Why Do We Yawn Essay, Research Paper Why Do We Yawn? The definition of yawning is to open the mouth involuntarily with a prolonged, deep inhalation of air. Yawning is a normal response to fatigue and drowsiness, but excessive yawning can be caused by a vasovagal reaction and may indicate a heart problem. Normal yawning may be induced to cleanse the brain.
Why Do We Yawn Essay, Research Paper
Why Do We Yawn?
The definition of yawning is to open the mouth involuntarily with a prolonged, deep inhalation of air. Yawning is a normal response to fatigue and drowsiness, but excessive yawning can be caused by a vasovagal reaction and may indicate a heart problem. Normal yawning may be induced to cleanse the brain.
At the deepest part of the breath when the lungs have the greatest force, the lungs fill up the ribcage, then lift the ribs.The ribs lift the spine and the force is transferred from the top of the spine to a bone of the skull called the occipital bone. The occipital bone forms most of the seat for the brain, and it is pushed upward.
At the same moment the fully expanded lungs push away from the ribs and the bronchi are forced apart or away from each other.The bronchi are attached to the bronchi tubes causing them to pull down on the trachea.
The trachea pulls down on the thyroid. The thyroid is attached to the hyoid bone by the thyrohyoid membrane, which pulls evenly on the hyoid bone. The hyoid bone, which is being pulled downward, is attached to the skull by ligaments and muscle at two points called the styloid process of the temporal bones.
The two temporal bones are on each side of the occipital bone. The styloid processes are the two thorn-like protrusions where the muscles and ligaments attach from the hyoid bone to the temporal bones. While the temporal bones are being pulled downward on each side of the occipital bone, the occipital bone is being pushed up between them.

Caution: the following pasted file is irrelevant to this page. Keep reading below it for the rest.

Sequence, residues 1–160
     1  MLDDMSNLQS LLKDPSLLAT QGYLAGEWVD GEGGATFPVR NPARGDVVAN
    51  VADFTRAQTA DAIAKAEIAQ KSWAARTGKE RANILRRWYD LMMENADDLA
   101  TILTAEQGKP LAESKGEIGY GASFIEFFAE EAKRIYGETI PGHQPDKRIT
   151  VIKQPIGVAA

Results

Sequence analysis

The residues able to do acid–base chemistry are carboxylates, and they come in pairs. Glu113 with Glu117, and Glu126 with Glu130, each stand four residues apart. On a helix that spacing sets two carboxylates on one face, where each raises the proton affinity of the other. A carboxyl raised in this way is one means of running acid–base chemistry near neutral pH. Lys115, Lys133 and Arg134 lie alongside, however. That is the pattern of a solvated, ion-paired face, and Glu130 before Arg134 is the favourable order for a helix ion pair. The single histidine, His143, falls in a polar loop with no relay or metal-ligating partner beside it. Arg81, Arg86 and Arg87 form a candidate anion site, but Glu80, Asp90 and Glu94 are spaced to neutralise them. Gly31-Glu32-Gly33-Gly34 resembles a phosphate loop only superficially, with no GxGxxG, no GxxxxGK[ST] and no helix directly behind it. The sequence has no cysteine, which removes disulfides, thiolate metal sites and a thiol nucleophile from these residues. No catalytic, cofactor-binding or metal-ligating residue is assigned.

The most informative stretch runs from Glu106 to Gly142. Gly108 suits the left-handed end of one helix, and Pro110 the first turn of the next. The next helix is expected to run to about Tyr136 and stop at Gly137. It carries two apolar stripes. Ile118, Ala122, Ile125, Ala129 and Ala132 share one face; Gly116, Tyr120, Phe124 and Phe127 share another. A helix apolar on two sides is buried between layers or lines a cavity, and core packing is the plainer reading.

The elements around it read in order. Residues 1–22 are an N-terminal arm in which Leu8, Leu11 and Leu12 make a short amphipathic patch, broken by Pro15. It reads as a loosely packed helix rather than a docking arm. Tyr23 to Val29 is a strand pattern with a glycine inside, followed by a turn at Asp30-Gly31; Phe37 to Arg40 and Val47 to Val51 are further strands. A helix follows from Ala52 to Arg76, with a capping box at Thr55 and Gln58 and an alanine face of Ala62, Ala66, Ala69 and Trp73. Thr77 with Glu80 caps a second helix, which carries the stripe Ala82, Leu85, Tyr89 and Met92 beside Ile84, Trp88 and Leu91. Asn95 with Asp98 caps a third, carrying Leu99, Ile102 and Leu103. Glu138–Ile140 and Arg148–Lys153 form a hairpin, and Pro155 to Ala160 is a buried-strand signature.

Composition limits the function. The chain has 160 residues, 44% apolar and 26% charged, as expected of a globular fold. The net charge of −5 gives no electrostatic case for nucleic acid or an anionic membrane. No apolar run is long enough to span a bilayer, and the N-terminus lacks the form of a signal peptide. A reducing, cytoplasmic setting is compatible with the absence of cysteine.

This action puts pressure on the brain.
The jaw, the tongue, and the hyoid bone together with many muscles work to pull down on the temporal bones during deep inspiration with the jaw opened wide. There are many muscles involved in this including the sternohyoid, the omohyoid, the sternothyroid, the thyrohyoid, the stylohyoid, the digastric, the mylohyoid, and the geniohyoid.
The occipital bone and the spine are like a piston pushing up between the temporal bones that are being pulled downward. The pressure that is put on the brain within the skull has the affect of accelerating the normal cerebrospinal fluid absorption process.
Cerebrospinal fluid is created by the choroid plexus found in the ventricles of the brain. Cerebrospinal fluid or CSF is a clear liquid that is believed to protect the brain from shock and to nourish the brain and remove brain waste products. CSF flows from the ventricles and surrounds the brain and spinal cord. CSF is known to be absorbed by the arachnoid villi / venous sinuses method. We produce about a pint of cerebrospinal fluid per day but we only have the capacity to hold about one fourth of that, so our cerebrospinal fluid is replaced several times per day during normal circulation.
The flow of the CSF has much to do with the intercranial pressure, which is different from the blood pressure of the body. When yawning puts pressure on the brain, the CSF is forced through its absorption pathways at an accelerated rate taking brain waste products with it.
Yawning cleans the brain.
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